Friends remember Phil Herr, housing advocate and longtime city planner

Phil Herr, a longtime city planner in Newton, died on April 16.

He played a key role in many Newton planning initiatives, particularly the Comprehensive Master Plan that was adopted in 2007.

Herr was born in Lexington and attended Lexington High School, and he then earned a bachelor’s in architecture from Rensselaer Polytechnic Institute.

After service in the Korean War, he earned a master’s degree in city planning from MIT. He married the department secretary, Dulcie Jones, and moved to Newton, where he ran a land use consulting firm.

Crucially, Herr also provided services for free to the city of Newton.

“I don’t know of anyone who gave more of his or her time to the city in a quasi-professional role out of the goodness of their heart,” said Deb Crossley, an architect and former Newton City Councilor.

Josephine McNeil, executive Director of Citizens for Affordable Housing in Newton
Development Organization, spoke about Phil’s work on affordable housing. The two served together on the Newton Housing Partnership and later the Fair Housing Committee that grew out of it.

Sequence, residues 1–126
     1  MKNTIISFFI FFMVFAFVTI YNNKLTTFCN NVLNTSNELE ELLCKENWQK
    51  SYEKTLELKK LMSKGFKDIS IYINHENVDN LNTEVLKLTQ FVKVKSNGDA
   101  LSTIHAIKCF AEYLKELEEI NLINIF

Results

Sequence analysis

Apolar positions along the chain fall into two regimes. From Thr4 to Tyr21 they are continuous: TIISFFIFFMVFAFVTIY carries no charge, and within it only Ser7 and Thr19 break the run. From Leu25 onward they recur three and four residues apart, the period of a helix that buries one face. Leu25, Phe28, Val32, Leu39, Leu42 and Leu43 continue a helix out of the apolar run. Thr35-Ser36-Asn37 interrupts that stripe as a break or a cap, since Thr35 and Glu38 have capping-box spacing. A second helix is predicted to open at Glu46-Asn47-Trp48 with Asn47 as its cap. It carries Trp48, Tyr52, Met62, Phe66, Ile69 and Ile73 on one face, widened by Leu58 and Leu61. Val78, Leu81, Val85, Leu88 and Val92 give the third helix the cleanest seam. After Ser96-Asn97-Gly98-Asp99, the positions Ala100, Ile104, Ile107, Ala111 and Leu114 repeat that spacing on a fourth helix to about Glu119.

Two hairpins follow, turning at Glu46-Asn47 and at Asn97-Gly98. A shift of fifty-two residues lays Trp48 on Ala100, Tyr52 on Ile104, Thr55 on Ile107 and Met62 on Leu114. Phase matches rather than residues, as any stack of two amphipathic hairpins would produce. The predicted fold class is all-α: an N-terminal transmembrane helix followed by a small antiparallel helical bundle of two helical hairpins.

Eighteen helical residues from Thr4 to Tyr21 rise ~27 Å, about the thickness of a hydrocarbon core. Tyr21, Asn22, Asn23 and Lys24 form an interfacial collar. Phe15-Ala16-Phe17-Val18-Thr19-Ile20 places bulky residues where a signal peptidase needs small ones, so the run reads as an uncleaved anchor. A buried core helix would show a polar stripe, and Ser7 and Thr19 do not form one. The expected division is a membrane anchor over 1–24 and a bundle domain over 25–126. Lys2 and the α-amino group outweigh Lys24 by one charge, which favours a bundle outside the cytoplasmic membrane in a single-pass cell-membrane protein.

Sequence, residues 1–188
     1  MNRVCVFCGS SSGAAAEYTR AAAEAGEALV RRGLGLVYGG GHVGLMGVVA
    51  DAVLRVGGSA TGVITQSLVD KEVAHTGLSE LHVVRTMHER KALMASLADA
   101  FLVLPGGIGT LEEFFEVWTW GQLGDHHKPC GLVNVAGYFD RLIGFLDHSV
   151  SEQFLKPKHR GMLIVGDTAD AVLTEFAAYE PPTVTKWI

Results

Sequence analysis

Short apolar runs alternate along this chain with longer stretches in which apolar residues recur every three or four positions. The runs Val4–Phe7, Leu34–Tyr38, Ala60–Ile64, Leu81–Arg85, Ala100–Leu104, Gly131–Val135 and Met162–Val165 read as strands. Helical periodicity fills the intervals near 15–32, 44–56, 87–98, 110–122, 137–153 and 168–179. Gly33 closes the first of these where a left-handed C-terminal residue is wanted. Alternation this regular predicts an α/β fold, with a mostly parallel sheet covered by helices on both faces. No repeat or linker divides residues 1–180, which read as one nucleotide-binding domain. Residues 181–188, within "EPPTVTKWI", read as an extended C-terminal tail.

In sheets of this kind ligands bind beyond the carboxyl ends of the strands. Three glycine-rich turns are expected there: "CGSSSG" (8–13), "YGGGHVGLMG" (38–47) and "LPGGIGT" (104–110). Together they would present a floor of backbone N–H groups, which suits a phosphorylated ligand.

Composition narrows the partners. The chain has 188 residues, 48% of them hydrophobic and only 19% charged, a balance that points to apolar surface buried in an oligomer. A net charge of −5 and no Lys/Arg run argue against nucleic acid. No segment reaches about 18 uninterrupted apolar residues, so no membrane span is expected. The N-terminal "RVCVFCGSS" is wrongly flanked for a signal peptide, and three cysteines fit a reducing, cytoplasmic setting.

“He had a vision for an underutilized parking lot,” McNeil said. “He came to the conclusion there could be a better use.”

That parking lot became the first new rental building permitted in Newton in 12 years and has 68 units, of which 23 are priced at below-market rates (deemed “affordable”).

“He was good at steering people toward consensus, which is hard to do in a place like Newton,” said Alice Ingerson, the former staff manager of Newton’s Community Preservation Program.

“Phil believed in community participation, but as Newton has become more expensive, community participation led to conclusions he didn’t agree with,” she added, and that he always
tried to push towards including those with lower incomes.

In addition to consulting, Herr was also an adjunct professor of city planning at MIT for 30

“His real love was teaching. I felt like I got a free graduate education while serving on the
Comprehensive Plan committee,” said Crossley. She added that as an architect she was familiar
with zoning as the book of rules she had to follow, but not until she worked with Phil Herr did
she appreciated the real importance of zoning as a tool for shaping a place to benefit the

Herr is predeceased by his wife, Dulcie, and is survived by his children, Karen and Greg. A memorial service will be announced at a later date.